Smart solutions in India: A step towards developing SMART CITIES


"Smart cities Improve Lives"

"Smart Cities focus on the most pressing needs and on the greatest opportunities through careful planning."

Smart Cities embrace ideas that have been proven elsewhere and customize them to meet genuine local needs. In turn, these efforts serve as exemplars, showing the way for others to follow.

Good ideas come in many shapes and sizes, and are designed to improve quality of life. They may involve technology, institutional or managerial reforms, and the involvement of citizens. The choice of solution is only smart if it is right-sized to the challenge it aims to address; bigger isn’t necessarily better.
 Smart city

What’s The Real Mean of ‘Smart City’?

A city can be defined as ‘smart’ when investments in human and social capital and traditional (transport) and modern (ICT) communication infrastructure fuel sustainable economic development and a high quality of life, with a wise management of natural resources, through participatory action and engagement.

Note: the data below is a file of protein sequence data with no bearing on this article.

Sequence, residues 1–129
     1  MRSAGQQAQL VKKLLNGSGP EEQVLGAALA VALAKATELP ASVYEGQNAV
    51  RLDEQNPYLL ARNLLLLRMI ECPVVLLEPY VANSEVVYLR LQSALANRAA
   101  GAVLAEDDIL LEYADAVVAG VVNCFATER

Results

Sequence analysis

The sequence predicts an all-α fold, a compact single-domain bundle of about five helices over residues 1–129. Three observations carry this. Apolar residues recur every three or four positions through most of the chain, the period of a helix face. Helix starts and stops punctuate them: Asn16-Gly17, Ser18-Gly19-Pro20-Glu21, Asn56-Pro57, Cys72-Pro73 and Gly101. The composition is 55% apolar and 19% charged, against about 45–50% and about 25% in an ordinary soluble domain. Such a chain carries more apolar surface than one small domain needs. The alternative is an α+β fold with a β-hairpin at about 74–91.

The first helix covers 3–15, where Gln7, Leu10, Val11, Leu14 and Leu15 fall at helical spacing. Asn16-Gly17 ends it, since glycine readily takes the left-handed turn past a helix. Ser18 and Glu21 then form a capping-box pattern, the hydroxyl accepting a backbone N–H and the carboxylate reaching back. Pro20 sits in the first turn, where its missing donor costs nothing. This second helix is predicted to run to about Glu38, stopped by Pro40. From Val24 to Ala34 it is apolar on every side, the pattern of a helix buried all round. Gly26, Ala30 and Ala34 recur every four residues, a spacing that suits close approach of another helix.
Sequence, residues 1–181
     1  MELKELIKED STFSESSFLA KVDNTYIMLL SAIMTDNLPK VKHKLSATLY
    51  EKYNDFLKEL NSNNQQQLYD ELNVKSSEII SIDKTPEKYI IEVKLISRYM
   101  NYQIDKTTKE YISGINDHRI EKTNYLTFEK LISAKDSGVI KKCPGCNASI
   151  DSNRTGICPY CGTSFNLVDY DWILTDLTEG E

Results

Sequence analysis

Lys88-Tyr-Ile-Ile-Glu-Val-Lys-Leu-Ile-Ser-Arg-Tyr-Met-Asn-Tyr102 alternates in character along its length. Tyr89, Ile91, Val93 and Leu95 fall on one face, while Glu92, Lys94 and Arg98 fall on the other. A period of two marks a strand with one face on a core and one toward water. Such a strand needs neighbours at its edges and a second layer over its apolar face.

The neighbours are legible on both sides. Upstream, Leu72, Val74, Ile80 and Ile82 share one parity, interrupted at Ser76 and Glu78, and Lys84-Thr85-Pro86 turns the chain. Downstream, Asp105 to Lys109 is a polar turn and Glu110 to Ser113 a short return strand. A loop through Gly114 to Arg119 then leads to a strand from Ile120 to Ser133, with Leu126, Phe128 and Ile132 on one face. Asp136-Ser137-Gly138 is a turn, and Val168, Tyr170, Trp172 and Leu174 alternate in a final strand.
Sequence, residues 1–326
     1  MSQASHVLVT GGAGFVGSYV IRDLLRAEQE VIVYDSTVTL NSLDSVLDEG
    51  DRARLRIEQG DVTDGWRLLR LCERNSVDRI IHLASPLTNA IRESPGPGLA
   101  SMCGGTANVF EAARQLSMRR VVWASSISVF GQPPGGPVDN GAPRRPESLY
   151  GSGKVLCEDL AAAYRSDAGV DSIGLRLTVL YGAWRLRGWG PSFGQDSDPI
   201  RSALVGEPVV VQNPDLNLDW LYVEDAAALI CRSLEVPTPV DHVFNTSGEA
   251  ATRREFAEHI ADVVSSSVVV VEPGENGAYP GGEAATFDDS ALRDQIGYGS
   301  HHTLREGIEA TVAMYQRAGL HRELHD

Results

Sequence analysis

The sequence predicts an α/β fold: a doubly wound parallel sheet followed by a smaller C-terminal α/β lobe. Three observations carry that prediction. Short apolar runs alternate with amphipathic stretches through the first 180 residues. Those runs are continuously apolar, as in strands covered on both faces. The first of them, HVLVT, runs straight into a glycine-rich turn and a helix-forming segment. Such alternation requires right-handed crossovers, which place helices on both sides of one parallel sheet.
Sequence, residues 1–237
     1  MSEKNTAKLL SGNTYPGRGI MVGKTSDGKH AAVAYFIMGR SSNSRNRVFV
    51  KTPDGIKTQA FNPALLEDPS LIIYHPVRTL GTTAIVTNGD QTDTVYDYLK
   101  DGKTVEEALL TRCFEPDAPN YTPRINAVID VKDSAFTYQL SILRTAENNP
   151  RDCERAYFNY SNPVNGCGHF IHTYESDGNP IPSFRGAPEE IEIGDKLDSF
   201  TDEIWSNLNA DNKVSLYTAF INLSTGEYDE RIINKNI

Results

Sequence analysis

Experts predict the world’s urban population will double by 2050 – which means we’re adding the equivalent of seven New York Cities to the planet every single year. As our planet becomes more urban, our cities need to get smarter. To handle this large-scale urbanization, we’ll need to find new ways to manage complexity, increase efficiency, reduce expenses, and improve quality of life.

With this rapid growth ahead of us, imagine if our cities could talk—if they could give us live status updates on traffic patterns, pollution, parking spaces, water, power and light. Imagine how that kind of information could improve the economic and environmental health of the city for residents, merchants, and visitors. Imagine how it could improve working conditions and productivity for the people who maintain the city.

Smart City: A smart city is one that has digital technology embedded across all city functions.

Smarter City uses digital technology and information and communication technologies (ICT) to better quality and performance this engage more effectively and actively with its citizen. The Smart City includes government services, transport, traffic management, energy, health care, water and waste.

Case Studies - A Step towards a Smarter India